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Guide To Curiosity

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8: Curiosity
✍️Conrad Lin
📆 February 4, 2024
⏱️4 minute read
Whether you're exploring this perspective to understand yourself better or to empathize with someone else's viewpoint, this guide is here to help. Remember, this perspective is just one way of looking at the world, and it's normal for us or others to experience it at different times in our lives. Think of this as a window into how we or they might be thinking and feeling.


In the 'Curiosity' perspective, we recognize the world as an intricate, ever-evolving place that's beyond any one person's control. Life is not just a game with clear rules; it's a complex show where we are both the audience and the performers. We can't predict everything, but we can learn, experiment, and adapt.

In this perspective, we value creating safe spaces where we can try new things, share our insights, and apply what works best in our journey of continuous learning.

How This Perspective Develops

When we are in the 'Setting Boundaries' perspective, we believe that if everyone understood themselves and set appropriate boundaries, we would have harmony and balance in the world. However, some people in the world will continuously refuse to accept our boundaries, even when the consequences are laid out for them.

We start off feeling frustrated, and lamenting that if only they were able to follow the rules, life would be better for everyone. There would be no crime, and the world would be a better place. When we're busy and have things to do, we don't have time to deal with bad actors and just say NO to them and move on, choosing to associate with people who will respect our boundaries instead.

Eventually, with ample time, we realize that we all seek what's best for us - and we start to think that maybe, we could open our minds to try to understand others' perspectives instead of just bluntly shutting them out and maybe we could learn something new.


Historical Context

Emerging in the late 1900s, the 'Curiosity' perspective reflects a time of collective individualism, where the focus shifted to drawing understanding from a multitude of viewpoints. The mentality was trans-rational, embracing experiences without the immediate need to respond or judge. The goal was to find peace in a world full of unanswered questions, and methods included observing, allowing, and protecting personal boundaries while acknowledging our interconnectedness.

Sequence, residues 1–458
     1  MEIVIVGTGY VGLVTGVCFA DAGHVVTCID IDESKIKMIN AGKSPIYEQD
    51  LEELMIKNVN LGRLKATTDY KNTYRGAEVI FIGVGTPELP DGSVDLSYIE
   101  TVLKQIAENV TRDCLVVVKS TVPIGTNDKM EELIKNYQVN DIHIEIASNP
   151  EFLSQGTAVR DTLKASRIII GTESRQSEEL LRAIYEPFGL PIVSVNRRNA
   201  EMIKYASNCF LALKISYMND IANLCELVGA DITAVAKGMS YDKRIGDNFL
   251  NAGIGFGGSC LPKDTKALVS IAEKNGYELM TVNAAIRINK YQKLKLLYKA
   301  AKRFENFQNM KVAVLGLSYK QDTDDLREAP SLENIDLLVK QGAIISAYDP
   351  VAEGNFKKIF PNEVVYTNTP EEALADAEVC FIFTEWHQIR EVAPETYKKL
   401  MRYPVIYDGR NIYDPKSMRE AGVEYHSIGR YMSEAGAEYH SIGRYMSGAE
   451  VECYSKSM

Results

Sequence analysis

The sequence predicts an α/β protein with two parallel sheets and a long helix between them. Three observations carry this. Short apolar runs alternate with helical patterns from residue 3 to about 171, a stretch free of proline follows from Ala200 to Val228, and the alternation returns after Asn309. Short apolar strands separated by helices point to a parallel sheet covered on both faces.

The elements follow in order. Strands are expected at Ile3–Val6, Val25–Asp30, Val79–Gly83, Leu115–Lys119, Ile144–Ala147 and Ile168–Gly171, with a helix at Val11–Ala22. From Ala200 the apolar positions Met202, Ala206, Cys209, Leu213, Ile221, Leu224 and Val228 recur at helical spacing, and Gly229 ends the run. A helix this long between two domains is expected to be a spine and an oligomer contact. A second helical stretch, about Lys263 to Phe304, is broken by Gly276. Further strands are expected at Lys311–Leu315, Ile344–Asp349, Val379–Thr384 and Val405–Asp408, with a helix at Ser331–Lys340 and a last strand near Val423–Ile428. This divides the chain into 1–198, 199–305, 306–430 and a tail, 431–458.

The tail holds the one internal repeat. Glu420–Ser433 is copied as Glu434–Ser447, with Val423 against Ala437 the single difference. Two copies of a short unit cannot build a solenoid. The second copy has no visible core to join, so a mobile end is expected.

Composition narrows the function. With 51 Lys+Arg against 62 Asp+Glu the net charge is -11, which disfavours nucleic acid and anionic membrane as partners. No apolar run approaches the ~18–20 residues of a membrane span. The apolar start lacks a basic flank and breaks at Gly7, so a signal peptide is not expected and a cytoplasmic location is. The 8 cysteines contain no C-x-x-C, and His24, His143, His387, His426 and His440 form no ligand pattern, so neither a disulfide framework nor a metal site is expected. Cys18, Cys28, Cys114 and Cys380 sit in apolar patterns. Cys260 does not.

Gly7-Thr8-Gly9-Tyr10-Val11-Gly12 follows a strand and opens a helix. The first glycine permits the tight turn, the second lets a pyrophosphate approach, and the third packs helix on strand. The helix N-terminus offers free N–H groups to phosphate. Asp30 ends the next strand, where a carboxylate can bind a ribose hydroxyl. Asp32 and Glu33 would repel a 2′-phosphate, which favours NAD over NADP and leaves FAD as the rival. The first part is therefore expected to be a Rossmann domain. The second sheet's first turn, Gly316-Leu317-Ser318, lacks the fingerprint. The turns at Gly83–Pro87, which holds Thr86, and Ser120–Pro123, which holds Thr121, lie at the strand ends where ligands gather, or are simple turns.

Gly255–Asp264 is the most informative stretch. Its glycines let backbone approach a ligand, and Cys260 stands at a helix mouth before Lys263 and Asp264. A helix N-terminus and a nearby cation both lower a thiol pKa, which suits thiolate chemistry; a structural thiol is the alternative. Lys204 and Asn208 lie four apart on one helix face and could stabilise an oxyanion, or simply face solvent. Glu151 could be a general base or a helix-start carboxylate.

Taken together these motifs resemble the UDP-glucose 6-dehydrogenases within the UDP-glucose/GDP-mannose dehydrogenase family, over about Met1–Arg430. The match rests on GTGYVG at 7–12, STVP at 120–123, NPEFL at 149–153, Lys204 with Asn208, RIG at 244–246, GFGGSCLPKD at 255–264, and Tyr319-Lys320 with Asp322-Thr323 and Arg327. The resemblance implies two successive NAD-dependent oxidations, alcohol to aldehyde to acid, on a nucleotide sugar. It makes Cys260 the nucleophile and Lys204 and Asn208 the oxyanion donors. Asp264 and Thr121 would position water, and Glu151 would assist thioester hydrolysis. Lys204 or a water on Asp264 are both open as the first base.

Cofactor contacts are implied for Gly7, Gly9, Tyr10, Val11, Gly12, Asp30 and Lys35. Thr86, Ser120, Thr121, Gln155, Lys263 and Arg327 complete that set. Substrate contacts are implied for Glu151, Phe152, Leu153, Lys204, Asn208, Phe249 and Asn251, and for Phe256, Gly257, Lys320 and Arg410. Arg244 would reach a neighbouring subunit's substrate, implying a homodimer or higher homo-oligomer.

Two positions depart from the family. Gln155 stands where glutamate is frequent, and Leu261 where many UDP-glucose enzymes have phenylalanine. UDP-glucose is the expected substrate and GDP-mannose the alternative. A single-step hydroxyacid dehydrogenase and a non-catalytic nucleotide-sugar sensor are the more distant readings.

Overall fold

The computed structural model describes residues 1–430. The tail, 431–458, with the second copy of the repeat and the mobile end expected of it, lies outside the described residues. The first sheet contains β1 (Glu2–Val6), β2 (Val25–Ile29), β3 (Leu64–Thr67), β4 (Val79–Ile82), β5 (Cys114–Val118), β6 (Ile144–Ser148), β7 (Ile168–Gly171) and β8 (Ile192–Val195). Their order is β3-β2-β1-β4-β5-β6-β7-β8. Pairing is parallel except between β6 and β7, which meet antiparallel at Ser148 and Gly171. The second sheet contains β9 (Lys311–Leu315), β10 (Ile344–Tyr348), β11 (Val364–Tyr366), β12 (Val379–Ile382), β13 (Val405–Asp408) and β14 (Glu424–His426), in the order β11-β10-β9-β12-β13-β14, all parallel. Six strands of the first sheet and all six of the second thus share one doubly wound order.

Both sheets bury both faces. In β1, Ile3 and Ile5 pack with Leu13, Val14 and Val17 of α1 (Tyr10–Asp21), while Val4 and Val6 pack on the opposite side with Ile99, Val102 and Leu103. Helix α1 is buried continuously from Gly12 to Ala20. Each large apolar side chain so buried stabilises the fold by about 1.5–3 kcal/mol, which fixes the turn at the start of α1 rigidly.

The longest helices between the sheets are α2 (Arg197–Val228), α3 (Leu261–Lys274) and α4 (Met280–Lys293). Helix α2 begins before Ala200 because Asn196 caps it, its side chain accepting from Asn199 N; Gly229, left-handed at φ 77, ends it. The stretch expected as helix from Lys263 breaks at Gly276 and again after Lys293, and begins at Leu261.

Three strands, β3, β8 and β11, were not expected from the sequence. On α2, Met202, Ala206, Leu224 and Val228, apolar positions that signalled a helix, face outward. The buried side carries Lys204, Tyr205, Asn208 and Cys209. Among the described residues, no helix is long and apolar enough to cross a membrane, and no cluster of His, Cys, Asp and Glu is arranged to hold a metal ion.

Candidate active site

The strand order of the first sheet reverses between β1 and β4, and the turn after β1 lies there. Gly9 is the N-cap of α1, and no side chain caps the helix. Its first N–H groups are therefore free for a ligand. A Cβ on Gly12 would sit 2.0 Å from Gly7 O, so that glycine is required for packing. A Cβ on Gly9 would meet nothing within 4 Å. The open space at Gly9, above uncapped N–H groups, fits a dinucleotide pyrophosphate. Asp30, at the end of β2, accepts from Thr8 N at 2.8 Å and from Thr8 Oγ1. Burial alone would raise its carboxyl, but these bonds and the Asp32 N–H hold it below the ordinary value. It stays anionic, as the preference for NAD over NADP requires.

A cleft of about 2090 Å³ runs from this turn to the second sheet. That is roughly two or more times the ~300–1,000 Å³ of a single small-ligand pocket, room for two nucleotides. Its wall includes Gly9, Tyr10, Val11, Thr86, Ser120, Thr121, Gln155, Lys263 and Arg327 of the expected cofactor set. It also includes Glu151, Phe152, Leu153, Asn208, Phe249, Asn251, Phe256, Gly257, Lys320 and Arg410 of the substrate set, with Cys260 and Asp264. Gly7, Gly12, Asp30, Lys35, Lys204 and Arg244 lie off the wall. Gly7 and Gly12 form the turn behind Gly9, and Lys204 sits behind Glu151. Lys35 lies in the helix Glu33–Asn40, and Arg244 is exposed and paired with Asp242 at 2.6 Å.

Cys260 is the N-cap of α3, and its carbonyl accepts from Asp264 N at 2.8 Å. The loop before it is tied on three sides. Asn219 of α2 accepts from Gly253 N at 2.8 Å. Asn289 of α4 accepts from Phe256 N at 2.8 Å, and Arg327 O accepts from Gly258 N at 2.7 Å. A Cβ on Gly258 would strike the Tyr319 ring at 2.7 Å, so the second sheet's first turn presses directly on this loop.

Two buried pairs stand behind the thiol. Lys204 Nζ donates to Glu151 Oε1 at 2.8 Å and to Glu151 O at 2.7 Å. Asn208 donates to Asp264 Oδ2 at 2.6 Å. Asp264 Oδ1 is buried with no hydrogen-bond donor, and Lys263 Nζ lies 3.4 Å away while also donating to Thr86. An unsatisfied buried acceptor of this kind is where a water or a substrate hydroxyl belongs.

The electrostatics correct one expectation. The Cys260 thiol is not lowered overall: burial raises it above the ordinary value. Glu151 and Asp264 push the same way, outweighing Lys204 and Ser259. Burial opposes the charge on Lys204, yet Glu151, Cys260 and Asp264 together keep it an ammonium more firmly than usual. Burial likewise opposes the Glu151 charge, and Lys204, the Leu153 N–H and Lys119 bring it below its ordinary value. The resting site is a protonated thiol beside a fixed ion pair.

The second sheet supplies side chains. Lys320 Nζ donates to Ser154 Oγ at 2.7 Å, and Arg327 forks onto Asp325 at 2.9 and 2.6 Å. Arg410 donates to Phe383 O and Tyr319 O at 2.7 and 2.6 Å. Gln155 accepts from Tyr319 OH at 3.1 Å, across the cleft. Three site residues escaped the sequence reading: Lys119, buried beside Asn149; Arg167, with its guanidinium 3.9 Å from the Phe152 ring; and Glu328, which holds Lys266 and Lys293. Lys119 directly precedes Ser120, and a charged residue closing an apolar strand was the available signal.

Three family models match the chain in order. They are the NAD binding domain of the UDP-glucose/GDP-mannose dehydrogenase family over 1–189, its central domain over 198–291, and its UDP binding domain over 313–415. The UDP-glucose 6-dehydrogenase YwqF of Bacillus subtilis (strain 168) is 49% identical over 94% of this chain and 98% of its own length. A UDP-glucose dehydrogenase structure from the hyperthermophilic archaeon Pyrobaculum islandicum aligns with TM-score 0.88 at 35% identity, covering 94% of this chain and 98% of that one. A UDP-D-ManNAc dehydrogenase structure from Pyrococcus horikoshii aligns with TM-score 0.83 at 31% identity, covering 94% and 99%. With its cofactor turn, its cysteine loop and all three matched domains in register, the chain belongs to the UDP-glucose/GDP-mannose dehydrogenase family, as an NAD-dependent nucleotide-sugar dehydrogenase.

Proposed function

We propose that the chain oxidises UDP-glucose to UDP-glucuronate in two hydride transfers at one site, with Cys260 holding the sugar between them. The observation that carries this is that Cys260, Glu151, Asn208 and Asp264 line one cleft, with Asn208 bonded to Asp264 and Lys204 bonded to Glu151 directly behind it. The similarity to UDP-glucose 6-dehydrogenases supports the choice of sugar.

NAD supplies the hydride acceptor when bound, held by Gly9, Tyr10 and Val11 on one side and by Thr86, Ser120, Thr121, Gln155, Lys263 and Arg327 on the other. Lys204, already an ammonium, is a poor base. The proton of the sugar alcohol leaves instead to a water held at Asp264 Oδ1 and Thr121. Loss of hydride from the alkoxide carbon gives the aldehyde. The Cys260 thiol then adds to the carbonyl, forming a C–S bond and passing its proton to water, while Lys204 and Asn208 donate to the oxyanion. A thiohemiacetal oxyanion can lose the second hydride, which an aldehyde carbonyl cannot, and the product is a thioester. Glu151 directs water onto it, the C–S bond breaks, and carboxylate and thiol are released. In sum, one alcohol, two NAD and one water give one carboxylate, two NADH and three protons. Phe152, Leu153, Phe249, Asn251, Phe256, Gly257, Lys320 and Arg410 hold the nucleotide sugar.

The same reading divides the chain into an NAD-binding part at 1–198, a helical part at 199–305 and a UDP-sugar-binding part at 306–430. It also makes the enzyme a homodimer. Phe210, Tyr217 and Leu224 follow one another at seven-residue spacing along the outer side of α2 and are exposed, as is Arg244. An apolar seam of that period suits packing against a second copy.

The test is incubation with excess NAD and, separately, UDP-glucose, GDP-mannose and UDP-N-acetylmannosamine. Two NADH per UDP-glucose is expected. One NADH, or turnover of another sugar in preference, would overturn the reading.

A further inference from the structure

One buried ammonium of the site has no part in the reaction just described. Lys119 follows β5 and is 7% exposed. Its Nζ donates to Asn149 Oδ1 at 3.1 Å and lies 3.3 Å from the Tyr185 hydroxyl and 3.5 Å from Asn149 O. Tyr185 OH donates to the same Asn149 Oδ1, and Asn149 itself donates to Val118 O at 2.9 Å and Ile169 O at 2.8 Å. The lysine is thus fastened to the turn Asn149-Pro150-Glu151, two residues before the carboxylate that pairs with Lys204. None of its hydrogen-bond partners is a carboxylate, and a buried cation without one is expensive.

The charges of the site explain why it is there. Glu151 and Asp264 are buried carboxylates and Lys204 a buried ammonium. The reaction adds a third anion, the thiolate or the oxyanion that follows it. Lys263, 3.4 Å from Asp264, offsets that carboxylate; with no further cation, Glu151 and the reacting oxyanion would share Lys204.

Modern Context

In the modern day, the 'Curiosity' perspective manifests when we go into a pursuit of intellectual curiosity when we don't fuss too much about our ego and how we're being spoken to as long as we can learn something new.

Strengths and Challenges

Our strength is our openness to life's vast experiences and our ability to engage with them without preconceived notions. We value inclusiveness and the power of listening to all voices and opening up our eyes to different interpretations of the world. We will find it easier to apply the 'Curiosity' perspective to situations where we don't feel as emotionally triggered, but we will find true peace when we can apply it to our own situations as well.


The challenges we might face include dealing with spiritual or existential uncertainty, sometimes feeling ungrounded as we seek to understand an infinite array of perspectives without always finding clear answers. Every time we ask questions, we learn something new - and we need to learn how to balance the boundaries we want to set from our perspectives while recognizing the validness of another's perspective (and reality).

Unlock Your Potential

To be your best self in this perspective, we encourage a sense of wonder and an eagerness to learn. It's about fostering a mindset that is always ready to explore, question, and grow, even when we think we know the answers.

Learn how to ask good questions that will create a safe space for others to share, so that they will tell you about their true feelings and perspectives. Ask questions that are not pointed, but rather exploratory for the other party to discover the answers on their own.

In general, avoid WHY questions - most people haven't understood themselves deeply enough to know why they do things. Ask WHAT or HOW questions instead, because it is easier to describe motivations and actions, which will then lead the conversation to the why.

Check Out Programs For 8: Curiosity

Is It Time To Level Up?

At the beginning, you'll be asking questions out of curiosity, to figure out why others seem to be so keen on doing things differently than you. As you continue questioning, you may discover that you love the way that others are approaching life, even if you don't see yourself living that way. If you achieve this realization, you are ready for the 'Empathy' perspective.

If you find that you're not able to ask the right questions, but still need to protect yourself, switch to the 'Setting Boundaries' perspective for self-preservation.

Last edit: @ on April 17, 2024

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